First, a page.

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Deploying static websites over https with Caddy and 1 line of code

I still remember the days, when we had to configure our SSL-Certificates with nginx and apache and it was really painful. But in the last months we started to use caddy. A fresh web server with an simple config and https by default.

Installing Caddy is pretty easy with the following command:

curl https://getcaddy.com | bash

To serve a static .html-site you only need an index.html-file and a file named Caddyfile that looks like this (rember to edit the dns entries to the right IP-Address at your domain service):

my-domain.com, www.my-domain.com

Starting the server is as easy as typing caddy in your root directory of the static site. Basically, that’s it. However, you will see that the caddy exits if you close your SSH-Connection. So you have to make your caddy deployable and autostart when rebooting your server.

You can use systemd to do this. From Ubuntu 15.04 systemd superseded upstart. Create a new file called caddystaticsite.service with the following content:

[Unit]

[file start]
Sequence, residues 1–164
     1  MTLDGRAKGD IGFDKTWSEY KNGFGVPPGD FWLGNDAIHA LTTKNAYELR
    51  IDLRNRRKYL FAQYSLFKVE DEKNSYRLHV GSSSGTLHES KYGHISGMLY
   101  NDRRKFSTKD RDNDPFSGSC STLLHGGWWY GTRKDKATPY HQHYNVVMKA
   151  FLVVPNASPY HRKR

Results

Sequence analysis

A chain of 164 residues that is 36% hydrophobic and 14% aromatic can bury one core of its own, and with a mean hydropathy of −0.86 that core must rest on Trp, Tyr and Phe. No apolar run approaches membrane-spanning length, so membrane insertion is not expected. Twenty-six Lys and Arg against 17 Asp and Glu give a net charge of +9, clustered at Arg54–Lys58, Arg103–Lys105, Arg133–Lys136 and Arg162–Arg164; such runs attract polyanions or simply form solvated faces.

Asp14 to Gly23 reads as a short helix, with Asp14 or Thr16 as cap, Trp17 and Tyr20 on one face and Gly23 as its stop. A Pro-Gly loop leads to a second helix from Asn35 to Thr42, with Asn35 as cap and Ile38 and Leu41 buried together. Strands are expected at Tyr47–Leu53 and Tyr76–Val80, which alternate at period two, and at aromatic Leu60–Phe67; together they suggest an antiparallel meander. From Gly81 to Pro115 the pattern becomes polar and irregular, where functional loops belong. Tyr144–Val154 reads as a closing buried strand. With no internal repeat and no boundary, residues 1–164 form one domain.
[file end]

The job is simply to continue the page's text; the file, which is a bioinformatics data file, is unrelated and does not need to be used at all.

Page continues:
Description=Caddy Server startup script for static website

[Service]
WorkingDirectory=/code/static-website/
ExecStart=/usr/local/bin/caddy
Restart=always

[Install]
WantedBy=multi-user.target

Remember to set the right WorkDirectory at Line 5. The next step is to copy the file into the right directory for systemd and start the service with the following commands:

cp caddy_static_site.service /etc/systemd/system/caddy_static_site.service
systemctl daemon-reload
systemctl enable caddy_static_site.service
systemctl start caddy_static_site.service
sudo systemctl status caddy_static_site.service # get status of the service - should be active

Now your caddy runs in the background and starts by default, when you reboot your server.

Published 22 Aug 2017

Writing about full stack development with python, react and testing with selenium.
Sven Schannak on Twitter